Games Journalism. An Industry In Decline?

   26/07/2009 at 20:50       Richard Horne       26 COMMENTS.
Videogames journalism has been in somewhat of a decline recently. And by that statement I specifically mean that interesting, engaging, well thought-out and passionate videogames journalism has been quickly sliding down that slippery slope to oblivion.

In fact to some commentators, even calling what we do 'journalism' is a contentious issue. We don't chase hard-hitting political stories. We don't report from a dangerous war-torn location. And what we do do - even though games are becoming more mainstream than ever - still doesn't garner the respect it ought to from people outside of the industry.

To say that games journalism is in decline might sound like an odd thing to say given that there are thousands of videogame websites out there - with new ones springing up on a daily basis - all professing to have that one single killer unique hook that makes them better than everyone else. Our hook, in case you're interested, is that we really don't care what you think, we write about games because we want to. But while generally I'm of the opinion that 99% of the games websites out there just aren't worth bothering with, there are a few notable exceptions, mainly: Eurogamer, 1UP, GiantBomb, WhatTheyPlay, Kikizo, Australian Gamer, The Escapist and ourselves of course.

The decline I speak of, in my opinion, can be accredited to a number of things, most of which unfortunately I just don't see going away any time soon.

First of all, as the internet evolves into what seems to be commonly referred to as the Web 2.0 era, it's possible to setup a 'website' in a matter of minutes. Wordpress, Joomla, Blogspot, Blogger et al make it so easy for anyone with a modicum of internet nous to build a fully functioning internet blog, complete with user registrations, comments and a quick and easy-to-use content management system, in no time whatsoever. And while I'm not criticising the fact that a lot of websites go down this route - hell I often wish I'd followed suit when developing the site you're reading - the fact that a teenage fanboy can knock up a quick and dirty blog and call themselves a 'reviews site' means it's that much more difficult for publishers and developers to separate the wheat from the chaff. Don't get me wrong, I heartily approve of such blog services and it's both refreshing and rewarding to see the internet become an all-inclusive media, unlike other forms such as television or newspaper but you do have to wade through a lot of shit to find the good stuff.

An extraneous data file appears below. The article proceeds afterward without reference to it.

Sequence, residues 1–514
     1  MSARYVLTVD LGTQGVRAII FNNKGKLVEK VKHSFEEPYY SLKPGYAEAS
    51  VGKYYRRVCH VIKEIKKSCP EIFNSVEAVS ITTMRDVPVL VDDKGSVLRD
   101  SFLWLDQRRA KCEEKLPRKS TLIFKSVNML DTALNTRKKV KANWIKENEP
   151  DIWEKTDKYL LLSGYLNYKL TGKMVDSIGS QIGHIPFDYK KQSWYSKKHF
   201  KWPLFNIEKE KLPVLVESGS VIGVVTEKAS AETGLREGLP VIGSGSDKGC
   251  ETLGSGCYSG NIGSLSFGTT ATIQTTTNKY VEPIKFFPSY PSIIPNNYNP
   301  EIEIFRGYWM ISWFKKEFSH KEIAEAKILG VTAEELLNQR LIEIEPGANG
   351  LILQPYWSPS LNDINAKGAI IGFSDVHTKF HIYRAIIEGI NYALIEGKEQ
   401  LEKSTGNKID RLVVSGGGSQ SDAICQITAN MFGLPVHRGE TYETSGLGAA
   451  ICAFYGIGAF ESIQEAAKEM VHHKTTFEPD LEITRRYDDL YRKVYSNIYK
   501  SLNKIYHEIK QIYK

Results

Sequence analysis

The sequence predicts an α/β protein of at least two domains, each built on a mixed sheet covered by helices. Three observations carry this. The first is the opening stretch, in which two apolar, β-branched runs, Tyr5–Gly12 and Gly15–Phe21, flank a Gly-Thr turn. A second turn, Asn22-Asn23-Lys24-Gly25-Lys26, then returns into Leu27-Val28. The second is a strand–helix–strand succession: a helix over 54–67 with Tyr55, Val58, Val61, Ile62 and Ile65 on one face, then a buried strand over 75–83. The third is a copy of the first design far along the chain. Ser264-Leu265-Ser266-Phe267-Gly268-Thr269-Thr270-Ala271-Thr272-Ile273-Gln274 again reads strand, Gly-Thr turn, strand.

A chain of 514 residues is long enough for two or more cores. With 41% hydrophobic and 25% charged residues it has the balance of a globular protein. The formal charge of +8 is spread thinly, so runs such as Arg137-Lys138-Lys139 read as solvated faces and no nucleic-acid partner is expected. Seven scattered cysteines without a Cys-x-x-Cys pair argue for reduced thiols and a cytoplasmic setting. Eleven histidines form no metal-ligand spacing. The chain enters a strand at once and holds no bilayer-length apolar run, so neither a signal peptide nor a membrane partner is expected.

Take the recent release of Red Faction: Guerilla for example. Some two weeks before its release I contacted the publisher to request a review copy and was told that at that moment in time they'd already received almost a staggering 500 requests for review code.

Just stop and think about that for a few seconds.

500 requests.

I can barely recall 20 videogame websites, never mind anything approaching 500.

The signal to noise ratio makes this a hugely difficult task to manage. How are publishers supposed to determine the genuine 'websites' from the chancers simply looking for free games? What even constitutes a genuine website these days? And while generally PR types aren't looked on particularly favourably in some quarters for their often cynical attitudes towards coverage, in this situation they have my utmost sympathy and I'm not sure I'd like to have to deal with such an avalanche.

Secondly, news reporting has become such an arms-race that if you're not the first site to break a story then you might as well not even bother reporting it. Time really is of the essence and it often feels like there's no point whatsoever any more in researching a story properly in order to produce an article that's compelling, engaging and offers the user more than they would get from just reading the original press release him or herself. In fact, I've lost count of the number of times I've spent ages crafting a news story, mixing in some of my own personal opinion with a bit of satirical humour only to see it receive less than a hundred reads and disappear off the front page never to be read again in no time whatsoever.